Transcribe Bentham project reaches 10,000th transcription
An experiment in 'scholarly crowdsourcing', which engages the public in the online transcription of papers written by the celebrated philosopher and reformer Jeremy Bentham (1748-1832), has published its 10,000th transcription this week.
This is a significant milestone for the Transcribe Bentham project, which has been running since 2010. The major online initiative to transcribe the manuscripts of Jeremy Bentham housed in the University College London archives asks volunteers to assist academics in researching Bentham's ideas, by transcribing the notoriously bad handwriting in his manuscripts.
Bentham was the founder of the modern doctrine of utilitarianism, a seminal figure in legal philosophy, a major theorist of representative democracy, and the originator of contemporary notions of surveillance through his panopticon prison scheme.
The manuscripts cover the period of Bentham's life and consist of drafts and notes for published and several substantial unpublished works, correspondence to and from Bentham, and other ephemera.
The Transcribe Bentham project digitises and makes available digital images of Bentham's unpublished manuscripts through a platform known as the 'Transcription Desk', where volunteers can access and transcribe the material to help the work of UCL's Bentham Project, and further improve access to and search ability of the collection. The work will contribute to the production of the new edition of The Collected Works of Jeremy Bentham, and helps create a vast digital repository of Bentham's writings.
Transcribe Bentham is co-ordinated by the Bentham Project in UCL Laws in collaboration with the British Library, the UCL Centre for Digital Humanities,UCL Creative Media Services, UCL Library Services and the University of London Computer Centre. The project is currently funded by the Andrew W. Mellon Foundation, and was established under funding from the Arts and Humanities Research Council (AHRC).
Professor Philip Schofield, Director of the Bentham Project, said:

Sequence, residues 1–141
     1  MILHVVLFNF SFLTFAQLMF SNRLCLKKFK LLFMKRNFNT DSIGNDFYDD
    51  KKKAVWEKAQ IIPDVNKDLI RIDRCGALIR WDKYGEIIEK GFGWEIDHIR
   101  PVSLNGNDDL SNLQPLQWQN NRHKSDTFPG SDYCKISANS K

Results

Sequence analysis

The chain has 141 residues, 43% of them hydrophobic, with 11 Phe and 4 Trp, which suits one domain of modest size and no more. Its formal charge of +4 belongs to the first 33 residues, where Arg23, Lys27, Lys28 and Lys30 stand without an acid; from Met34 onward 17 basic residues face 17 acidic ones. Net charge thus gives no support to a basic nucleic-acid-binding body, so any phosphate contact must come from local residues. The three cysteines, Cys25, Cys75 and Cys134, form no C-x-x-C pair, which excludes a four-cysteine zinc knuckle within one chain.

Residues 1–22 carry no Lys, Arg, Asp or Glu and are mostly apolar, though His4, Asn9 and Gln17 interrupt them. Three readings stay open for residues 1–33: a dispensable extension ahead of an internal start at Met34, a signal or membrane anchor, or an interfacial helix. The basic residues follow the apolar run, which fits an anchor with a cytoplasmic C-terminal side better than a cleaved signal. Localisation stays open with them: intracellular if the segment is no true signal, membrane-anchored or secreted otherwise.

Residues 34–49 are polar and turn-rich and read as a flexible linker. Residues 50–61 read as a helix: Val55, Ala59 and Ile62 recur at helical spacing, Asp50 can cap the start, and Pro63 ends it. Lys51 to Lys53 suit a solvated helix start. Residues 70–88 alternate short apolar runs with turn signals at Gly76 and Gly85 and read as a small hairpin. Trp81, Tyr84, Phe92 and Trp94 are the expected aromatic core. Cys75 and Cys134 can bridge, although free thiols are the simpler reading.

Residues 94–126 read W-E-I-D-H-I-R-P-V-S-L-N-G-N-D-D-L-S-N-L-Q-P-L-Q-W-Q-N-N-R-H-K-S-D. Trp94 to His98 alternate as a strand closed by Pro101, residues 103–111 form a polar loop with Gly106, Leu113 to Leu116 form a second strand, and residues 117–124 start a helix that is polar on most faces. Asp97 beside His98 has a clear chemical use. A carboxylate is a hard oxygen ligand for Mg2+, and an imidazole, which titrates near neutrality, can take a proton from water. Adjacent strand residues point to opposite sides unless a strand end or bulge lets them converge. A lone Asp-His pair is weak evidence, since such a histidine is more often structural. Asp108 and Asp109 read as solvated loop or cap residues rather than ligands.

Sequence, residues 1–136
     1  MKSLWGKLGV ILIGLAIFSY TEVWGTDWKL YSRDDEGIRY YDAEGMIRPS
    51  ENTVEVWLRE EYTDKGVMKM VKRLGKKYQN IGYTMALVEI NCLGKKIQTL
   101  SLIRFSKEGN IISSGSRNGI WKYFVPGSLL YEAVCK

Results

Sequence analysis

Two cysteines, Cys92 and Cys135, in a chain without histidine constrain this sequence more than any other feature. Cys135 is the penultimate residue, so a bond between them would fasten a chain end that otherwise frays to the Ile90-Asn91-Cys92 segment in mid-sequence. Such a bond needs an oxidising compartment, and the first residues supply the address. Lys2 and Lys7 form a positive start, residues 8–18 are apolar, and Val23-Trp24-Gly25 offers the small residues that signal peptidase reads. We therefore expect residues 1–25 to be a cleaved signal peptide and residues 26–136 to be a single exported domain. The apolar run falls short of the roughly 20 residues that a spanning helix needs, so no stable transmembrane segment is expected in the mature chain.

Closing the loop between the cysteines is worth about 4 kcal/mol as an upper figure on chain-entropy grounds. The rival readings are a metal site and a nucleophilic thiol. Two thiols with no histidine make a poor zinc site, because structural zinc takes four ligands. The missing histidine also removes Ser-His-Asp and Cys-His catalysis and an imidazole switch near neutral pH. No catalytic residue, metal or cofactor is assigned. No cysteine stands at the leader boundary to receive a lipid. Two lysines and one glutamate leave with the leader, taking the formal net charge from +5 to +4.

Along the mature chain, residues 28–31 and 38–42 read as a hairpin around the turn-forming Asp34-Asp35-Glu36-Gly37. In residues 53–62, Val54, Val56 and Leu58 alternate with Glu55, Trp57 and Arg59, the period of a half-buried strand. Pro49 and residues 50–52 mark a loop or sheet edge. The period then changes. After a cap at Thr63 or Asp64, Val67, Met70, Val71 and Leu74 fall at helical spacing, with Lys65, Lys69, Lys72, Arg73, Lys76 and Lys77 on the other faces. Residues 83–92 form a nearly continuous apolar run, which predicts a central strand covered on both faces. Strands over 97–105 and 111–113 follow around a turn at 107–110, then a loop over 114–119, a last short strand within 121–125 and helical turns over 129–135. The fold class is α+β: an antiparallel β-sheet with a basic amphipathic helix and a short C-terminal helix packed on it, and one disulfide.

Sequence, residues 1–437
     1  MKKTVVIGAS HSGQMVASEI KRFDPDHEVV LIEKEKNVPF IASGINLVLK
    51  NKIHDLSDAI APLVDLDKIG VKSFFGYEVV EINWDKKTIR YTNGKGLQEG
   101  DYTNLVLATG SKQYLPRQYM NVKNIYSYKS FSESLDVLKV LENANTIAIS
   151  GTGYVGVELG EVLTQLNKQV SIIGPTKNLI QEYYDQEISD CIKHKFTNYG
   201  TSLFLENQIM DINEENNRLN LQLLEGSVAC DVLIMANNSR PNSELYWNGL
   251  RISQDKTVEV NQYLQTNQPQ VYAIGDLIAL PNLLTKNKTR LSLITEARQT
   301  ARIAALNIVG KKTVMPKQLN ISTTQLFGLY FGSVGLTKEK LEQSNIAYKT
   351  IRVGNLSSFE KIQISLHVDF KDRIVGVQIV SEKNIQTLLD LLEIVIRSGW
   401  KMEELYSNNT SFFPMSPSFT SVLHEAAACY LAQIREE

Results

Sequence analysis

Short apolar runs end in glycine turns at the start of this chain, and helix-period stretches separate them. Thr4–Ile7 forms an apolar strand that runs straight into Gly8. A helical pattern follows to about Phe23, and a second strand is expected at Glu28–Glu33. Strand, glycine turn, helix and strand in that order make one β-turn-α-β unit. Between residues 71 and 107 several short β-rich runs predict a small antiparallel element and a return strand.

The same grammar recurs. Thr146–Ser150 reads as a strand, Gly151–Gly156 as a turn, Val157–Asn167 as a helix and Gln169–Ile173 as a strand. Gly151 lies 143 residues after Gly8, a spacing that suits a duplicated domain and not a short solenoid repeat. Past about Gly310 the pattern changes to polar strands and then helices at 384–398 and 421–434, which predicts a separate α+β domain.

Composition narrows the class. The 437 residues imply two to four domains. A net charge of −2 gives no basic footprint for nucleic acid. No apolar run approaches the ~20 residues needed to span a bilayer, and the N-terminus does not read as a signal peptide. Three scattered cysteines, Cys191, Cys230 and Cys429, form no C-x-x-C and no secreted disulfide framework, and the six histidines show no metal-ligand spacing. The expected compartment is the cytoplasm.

Reaching our 10,000th volunteer-produced transcription is a very considerable achievement. The total collection of Bentham manuscripts stands at an estimated 100,000. A few years ago, it was thought that the collection would never be transcribed in its entirety due to the huge nature of the task- but it now looks like a distinct possibility.
Dr Tim Causer, UCL Bentham Project, added:
Since January of this year, we have had more visitors and contributions than ever and by late March volunteers had worked on an impressive 7,369 transcripts. We have received what is usually a year's worth of transcription in four months, with volunteers working on an average of 157 transcripts per week. Transcribing Bentham is a far from easy task, but the care and attention taken by transcribers never ceases to impress us
The team believe the major reason for the increased activity since March is down to the release of the first batch of digitised material from the British Library's collection of Bentham papers, which bring out a more personal side of Bentham. They include letters between various members of the Bentham family, including love letters between Jeremy's parents, Jeremiah and Alicia, and missives from his brother Samuel, at this point residing in Russia.
They would like to encourage all those who have an interest in Bentham or those with an interest in history, politics, law, philosophy and economics, fields to which Bentham made significant contributions, to visit the site.
Those with an enthusiasm for palaeography, transcription and manuscript studies will be interested in Bentham's handwriting, while those involved in digital humanities, education and heritage learning will find the site intriguing. Undergraduates and school pupils studying Bentham's ideas are particularly encouraged to use the site to enhance their learning experience.
Find out more on the Transcribe Bentham website (opens in new window).
Notes to editors
- The Arts and Humanities Research Council (AHRC) funds world-class, independent researchers in a wide range of subjects: ancient history, modern dance, archaeology, digital content, philosophy, English literature, design, the creative and performing arts, and much more. This financial year the AHRC will spend approximately £98m to fund research and postgraduate training in collaboration with a number of partners. The quality and range of research supported by this investment of public funds not only provides social and cultural benefits but also contributes to the economic success of the UK. www.ahrc.ac.uk